Shadow Chancellor John McDonnell has said he “does not recognise” the claim that Jeremy Corbyn’s team wanted a “faction fight” in the Labour Party.
It comes after leadership hopeful Lisa Nandy said that some of Mr Corbyn’s team wanted to wage a “factional war until the other side had been crushed”.
Mr McDonnell said he disagreed, but added that there had always been “a bit of a tussle” between left and right.
Rebecca Long-Bailey and Keir Starmer are also running for leadership.
Speaking to the BBC’s Laura Kuenssberg on Friday, Ms Nandy said she raised her concerns about “faction fighting” with the Labour leader before she quit his shadow cabinet in 2016.
The Wigan MP joined a mass walkout of so-called “moderate” shadow ministers in 2016, triggered by Labour’s poor European election performance and Mr Corbyn’s decision to sack Hilary Benn.
Media captionLisa Nandy on Labour’s “factional war” under Jeremy Corbyn
She insisted that she had tried, with a group of “soft left” MPs, to hold the team together at a meeting with Mr Corbyn and other senior figures.
But the attitude of those around Mr Corbyn made her decide to quit as shadow energy secretary, she told the BBC’s political editor.
“Some senior politicians in his own team, they made it very, very clear that they were going to continue to wage that factional war until the other side had been crushed,” she said.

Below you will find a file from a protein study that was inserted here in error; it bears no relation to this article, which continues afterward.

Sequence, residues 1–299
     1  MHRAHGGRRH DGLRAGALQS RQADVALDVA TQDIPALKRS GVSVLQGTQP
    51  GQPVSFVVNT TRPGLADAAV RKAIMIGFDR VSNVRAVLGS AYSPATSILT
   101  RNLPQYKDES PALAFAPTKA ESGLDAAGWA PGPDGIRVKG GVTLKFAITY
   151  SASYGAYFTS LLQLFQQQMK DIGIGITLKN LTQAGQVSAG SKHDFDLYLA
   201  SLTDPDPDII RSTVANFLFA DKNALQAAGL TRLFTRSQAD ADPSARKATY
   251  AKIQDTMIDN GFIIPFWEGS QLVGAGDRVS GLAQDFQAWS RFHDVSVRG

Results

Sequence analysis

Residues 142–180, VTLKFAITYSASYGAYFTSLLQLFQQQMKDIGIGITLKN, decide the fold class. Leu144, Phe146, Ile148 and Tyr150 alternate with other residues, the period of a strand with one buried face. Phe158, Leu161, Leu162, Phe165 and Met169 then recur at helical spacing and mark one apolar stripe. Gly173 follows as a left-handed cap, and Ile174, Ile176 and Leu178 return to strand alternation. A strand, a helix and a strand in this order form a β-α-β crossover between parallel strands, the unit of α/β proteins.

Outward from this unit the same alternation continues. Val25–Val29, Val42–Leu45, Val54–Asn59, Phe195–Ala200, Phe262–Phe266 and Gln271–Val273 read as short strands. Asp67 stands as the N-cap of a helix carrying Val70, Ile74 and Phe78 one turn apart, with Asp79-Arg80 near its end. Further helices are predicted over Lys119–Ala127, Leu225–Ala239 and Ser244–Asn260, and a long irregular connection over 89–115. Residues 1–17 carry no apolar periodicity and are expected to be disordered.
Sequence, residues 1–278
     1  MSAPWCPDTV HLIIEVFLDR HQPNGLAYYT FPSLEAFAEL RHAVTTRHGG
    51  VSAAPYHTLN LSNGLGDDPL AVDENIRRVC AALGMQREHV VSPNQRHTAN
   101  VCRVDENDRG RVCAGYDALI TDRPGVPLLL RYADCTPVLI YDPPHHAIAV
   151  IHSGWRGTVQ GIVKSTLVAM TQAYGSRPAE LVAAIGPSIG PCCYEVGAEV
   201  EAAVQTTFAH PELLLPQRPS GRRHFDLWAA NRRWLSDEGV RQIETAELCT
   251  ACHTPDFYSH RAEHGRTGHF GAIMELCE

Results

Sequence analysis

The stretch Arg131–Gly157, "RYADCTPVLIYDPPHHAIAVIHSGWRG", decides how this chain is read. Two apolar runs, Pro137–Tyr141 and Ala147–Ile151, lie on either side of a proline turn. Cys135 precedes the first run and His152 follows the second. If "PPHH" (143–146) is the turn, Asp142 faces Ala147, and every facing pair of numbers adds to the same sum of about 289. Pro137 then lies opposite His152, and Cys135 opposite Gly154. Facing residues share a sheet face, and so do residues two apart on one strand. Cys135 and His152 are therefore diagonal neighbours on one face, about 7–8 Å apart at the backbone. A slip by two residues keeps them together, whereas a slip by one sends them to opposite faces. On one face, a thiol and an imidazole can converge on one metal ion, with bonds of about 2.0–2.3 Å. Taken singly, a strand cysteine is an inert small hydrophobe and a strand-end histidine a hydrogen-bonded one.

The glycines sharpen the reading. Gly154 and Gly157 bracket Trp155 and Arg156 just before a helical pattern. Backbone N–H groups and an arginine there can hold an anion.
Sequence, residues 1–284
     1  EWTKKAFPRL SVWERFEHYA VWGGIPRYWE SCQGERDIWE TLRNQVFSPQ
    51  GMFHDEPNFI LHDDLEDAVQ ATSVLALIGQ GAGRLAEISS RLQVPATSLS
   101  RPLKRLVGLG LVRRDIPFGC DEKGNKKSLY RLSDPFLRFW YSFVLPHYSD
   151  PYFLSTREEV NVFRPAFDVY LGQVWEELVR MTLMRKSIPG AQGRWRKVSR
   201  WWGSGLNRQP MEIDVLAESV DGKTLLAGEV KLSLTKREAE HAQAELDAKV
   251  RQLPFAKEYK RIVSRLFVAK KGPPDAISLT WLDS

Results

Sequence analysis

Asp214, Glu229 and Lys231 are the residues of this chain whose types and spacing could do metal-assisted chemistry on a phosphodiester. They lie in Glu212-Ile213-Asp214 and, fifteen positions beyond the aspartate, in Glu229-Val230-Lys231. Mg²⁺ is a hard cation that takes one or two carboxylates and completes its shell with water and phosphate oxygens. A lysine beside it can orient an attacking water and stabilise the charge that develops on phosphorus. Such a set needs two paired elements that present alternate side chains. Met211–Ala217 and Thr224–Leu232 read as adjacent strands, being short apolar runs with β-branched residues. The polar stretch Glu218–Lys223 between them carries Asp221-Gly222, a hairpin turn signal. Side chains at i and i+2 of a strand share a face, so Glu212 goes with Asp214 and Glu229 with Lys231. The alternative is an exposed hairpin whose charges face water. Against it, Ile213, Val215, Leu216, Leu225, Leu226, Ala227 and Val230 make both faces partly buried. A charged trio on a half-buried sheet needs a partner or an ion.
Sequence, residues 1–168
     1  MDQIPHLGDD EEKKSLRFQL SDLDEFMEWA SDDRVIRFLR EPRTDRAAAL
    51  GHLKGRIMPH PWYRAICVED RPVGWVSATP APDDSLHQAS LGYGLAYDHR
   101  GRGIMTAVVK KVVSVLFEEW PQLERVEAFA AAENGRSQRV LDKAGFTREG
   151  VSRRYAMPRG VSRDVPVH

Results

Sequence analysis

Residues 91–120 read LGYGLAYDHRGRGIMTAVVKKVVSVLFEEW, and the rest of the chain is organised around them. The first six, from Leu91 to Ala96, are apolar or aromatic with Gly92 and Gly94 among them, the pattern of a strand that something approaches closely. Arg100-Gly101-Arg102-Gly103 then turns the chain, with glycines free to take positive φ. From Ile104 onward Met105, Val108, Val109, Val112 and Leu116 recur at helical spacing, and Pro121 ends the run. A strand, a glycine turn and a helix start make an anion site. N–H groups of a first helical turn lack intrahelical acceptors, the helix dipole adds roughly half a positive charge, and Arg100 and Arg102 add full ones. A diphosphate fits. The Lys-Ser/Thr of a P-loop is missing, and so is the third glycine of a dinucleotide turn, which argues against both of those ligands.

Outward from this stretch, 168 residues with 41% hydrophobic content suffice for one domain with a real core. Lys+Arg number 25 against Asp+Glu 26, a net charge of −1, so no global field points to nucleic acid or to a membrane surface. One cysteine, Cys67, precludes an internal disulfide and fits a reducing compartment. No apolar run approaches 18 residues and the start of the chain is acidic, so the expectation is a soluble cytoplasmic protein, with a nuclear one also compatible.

She said it was “one thing” to have backbenchers waging factional wars with colleagues but “quite another thing to hear the leadership of the Labour Party state a commitment to doing that”.
She added: “It wasn’t Jeremy but there was no point at all at which he contradicted that.”
Asked about the comments on the BBC’s Andrew Marr programme, Mr McDonnell said: “We want to unite the party – I’m sorry I just don’t recognise any of that, let’s just move on.
“All of the three candidates have said they want to unite the party and look to the future, let’s do that.”
The shadow chancellor, who is backing Mrs Long-Bailey for leader and Richard Burgon for deputy leader in the party’s leadership contest, said the party was “doing our best” in providing an effective opposition.
But he agreed that “if there’s a lesson for the future, let’s have shorter leadership elections… it’s a bit interminable, I accept that”.
Asked about predictions that Labour faces disastrous local election results in May, Mr McDonnell said he is “confident”.
The leadership contest ballot closes on 2 April, with the new Labour leader announced on 4 April.